Fort Lee

1512 Palisade Ave. Fort Lee, NJ 07024

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1512 Palisade Ave. Fort Lee, NJ 07024

THE ATRIUM PALACE IS THE PLACE TO LIVE! MAFABULOUS P LINE.APPROXIMATELY 2940sf ENJOY THE SPECTULAR VIEWS OF THE HUDSON RIVER AND NYC ALL THE WAY DOWNTOWN TO THE FREEDOM TOWER WHILE RELAXING ON YOUR TERRACE. STER SUITE AND HUGE BATH, PLUS 2 ENSUTE BRS'S, HUGE LIVING ROOM, DINING ROOM AND LIBRARY.VERY LARGE FAMILY SIZE EIMK.LNDRY IN UNIT.24 HOUY CONCIERGE AND SECURITY, VALET PARKING (YOUR CHOICE).INDOOR/OUTDOOR POOLS 3 TENNIS COURTS, TRACK, HEALTH CLUB, MEN'S SPA SAUNA AND SHOWERS, AND ONE FOR THE LADIES TOO!!CLOSE TO SHOPPING, TRANS, HOUSES OF WORSHIP, THEATRE AND FINE DINING.INDOOR OUTDOOR PLAY AREA FOR THE CHILDREN.WE ARE A PET FRIENDLY PLACE!!LIVE LIKE ROYALTY AT THE ATRIUM PALACE! A UNIQUELY DESIGNED BUILDING. FORT LEE IS HOT! COME TAKE A LOOK!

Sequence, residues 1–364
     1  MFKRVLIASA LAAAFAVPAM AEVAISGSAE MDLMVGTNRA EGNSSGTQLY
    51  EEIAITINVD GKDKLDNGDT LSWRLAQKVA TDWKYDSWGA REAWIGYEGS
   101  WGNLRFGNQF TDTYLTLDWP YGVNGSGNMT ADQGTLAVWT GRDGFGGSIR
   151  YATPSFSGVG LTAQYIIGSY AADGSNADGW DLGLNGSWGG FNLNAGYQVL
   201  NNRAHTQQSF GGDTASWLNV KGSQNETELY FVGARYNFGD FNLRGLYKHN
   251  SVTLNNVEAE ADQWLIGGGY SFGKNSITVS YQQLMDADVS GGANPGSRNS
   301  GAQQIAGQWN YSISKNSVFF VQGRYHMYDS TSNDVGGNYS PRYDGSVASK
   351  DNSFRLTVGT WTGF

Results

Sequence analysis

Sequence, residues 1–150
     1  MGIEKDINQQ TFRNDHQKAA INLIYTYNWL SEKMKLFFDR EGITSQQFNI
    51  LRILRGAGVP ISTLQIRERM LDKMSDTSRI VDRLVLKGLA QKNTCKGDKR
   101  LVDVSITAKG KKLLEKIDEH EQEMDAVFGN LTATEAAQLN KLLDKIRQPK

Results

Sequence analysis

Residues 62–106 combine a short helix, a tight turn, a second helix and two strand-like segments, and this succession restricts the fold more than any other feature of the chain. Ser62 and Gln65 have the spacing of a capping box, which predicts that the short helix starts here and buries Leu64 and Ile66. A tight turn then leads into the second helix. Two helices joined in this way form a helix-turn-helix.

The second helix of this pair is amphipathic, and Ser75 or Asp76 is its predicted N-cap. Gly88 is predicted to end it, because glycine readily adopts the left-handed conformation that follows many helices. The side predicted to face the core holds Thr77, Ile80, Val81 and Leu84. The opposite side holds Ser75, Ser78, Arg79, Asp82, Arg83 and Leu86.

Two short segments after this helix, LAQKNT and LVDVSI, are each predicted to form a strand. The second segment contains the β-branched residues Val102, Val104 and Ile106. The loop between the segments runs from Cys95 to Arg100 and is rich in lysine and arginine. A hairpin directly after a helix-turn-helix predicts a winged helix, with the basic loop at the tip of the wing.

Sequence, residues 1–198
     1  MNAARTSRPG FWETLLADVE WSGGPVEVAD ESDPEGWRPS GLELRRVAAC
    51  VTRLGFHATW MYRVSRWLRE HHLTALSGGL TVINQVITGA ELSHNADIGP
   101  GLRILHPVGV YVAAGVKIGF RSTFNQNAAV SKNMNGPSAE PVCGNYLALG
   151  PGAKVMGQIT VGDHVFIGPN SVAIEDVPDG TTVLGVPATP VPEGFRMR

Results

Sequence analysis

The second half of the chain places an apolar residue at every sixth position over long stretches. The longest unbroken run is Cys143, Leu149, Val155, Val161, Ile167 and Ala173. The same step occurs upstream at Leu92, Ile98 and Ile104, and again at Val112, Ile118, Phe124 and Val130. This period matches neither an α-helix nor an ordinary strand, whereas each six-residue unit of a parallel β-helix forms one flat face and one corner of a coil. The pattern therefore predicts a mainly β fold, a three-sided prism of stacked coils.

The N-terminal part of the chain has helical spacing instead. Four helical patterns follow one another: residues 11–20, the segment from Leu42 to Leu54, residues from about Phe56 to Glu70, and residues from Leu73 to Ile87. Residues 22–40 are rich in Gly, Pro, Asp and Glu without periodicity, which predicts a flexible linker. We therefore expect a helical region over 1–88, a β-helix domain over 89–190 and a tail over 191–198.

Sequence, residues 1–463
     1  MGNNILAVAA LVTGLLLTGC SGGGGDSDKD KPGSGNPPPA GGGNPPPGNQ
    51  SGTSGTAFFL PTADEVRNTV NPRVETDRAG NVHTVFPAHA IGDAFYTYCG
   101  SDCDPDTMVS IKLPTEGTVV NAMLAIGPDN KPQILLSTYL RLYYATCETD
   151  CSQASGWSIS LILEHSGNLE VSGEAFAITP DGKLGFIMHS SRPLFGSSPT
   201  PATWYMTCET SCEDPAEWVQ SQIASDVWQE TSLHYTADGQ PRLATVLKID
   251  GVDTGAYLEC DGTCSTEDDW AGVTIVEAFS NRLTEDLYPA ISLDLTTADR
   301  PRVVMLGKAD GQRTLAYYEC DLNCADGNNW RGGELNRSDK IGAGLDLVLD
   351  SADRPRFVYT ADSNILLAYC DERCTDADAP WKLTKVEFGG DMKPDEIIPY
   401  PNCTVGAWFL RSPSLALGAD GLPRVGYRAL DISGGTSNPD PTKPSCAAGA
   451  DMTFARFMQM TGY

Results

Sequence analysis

Fort Lee

Fort Lee is a borough at the eastern border of Bergen C along the Hudson River atop the Palisades.

Fort Lee is named for the site of an American Revolutionary War military encampment. At the turn of the 20th century it became the birthplace of the American film industry. In 1931 the borough became the western terminus of the George Washington Bridge, which crosses the Hudson River and connects to the borough of Manhattan in New York City. Fort Lee’s population and housing density increased considerably during the 1960s and 1970s with the construction of highrise apartment buildings.
At the turn of the 21st century, Fort Lee saw a large Korean migration which has converted much of the town into a large Koreatown, in that many traditional Korean stores and restaurants may be seen in Fort Lee, and the hangul letters of the Korean alphabet are as common as signs in English in parts of the downtown area. This Koreatown is separate from the similar Korean enclave in the adjacent town of Palisades Park. The rapid increase of the Korean population has seen the decline of many other immigrant communities once centered in Fort Lee, notably the Greek and Italian communities, once quite large but now all but extinct. A sizable Russian immigrant community has also sprung up in recent years.